Laugh if you like, but my revulsion was partly prompted by morality - I won’t support oppressive regimes - and also pragmatism; I don’t want my life savings exposed to a cold war that shows worrying signs of heating up. For example, consider Chinese president Xi Jinping’s statement last week that any foreign power interfering in that country “will have their heads bashed bloody against a Great Wall of steel”.
Violent words sometimes turn into violent deeds, as Japan’s deputy prime minister pointed out this week when he talked about joining the US in defending Taiwan against a potential Chinese invasion. Taro Aso, finance minister and deputy to Yoshihide Suga, said: “If a major problem occurred in Taiwan, it would not be going too far to say that it could be an existential threat. In such a case, Japan and the United States will have to work together to defend Taiwan.”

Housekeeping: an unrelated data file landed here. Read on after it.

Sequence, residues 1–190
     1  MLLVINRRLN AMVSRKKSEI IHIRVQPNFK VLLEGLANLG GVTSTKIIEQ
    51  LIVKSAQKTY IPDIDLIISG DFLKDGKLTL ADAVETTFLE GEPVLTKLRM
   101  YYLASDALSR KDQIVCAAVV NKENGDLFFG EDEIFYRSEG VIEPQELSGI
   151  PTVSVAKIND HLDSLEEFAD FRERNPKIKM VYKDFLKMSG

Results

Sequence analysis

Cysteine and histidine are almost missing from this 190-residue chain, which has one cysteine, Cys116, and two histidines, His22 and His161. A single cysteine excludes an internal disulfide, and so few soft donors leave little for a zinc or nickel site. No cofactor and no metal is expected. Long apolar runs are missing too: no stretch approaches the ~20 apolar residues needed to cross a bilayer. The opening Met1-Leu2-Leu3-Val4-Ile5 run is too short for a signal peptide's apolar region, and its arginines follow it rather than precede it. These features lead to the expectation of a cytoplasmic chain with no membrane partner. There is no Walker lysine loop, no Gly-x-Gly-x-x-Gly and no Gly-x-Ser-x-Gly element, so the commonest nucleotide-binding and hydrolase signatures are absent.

Let’s hope it doesn’t come to that but it is foolish for investors to ignore political risk. One of the first articles I wrote as a cub reporter in the City office of a Fleet Street newspaper 35 years ago was about busted bonds issued by pre-communist authorities in China and Russia. That’s when I first heard a senior colleague - the kind, wise and witty Christopher Fildes - define an emerging market as “a market from which it is difficult to emerge”.
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Here and now, Vietnam offers an alternative to China for investors willing to accept high risks in pursuit of high rewards. I am glad I bought shares in VEIL at 404p in July 2018, that traded at 720p this week; it’s now the 12th most-valuable holding in my ‘forever fund’.
Looking forward, Vu Huu Dien, fund manager of VEIL, said: “The outlook for Vietnam remains positive, especially as it has been able to minimise the impact of Covid-19 compared to other Asian countries.
“This market is likely to benefit from low rates and infrastructure spending for the foreseeable future and within VEIL we are tapping into the interlocked sectors of banks, property and steel where value and growth opportunities abound. Other sectors where we see value plus growth are retail and technology.”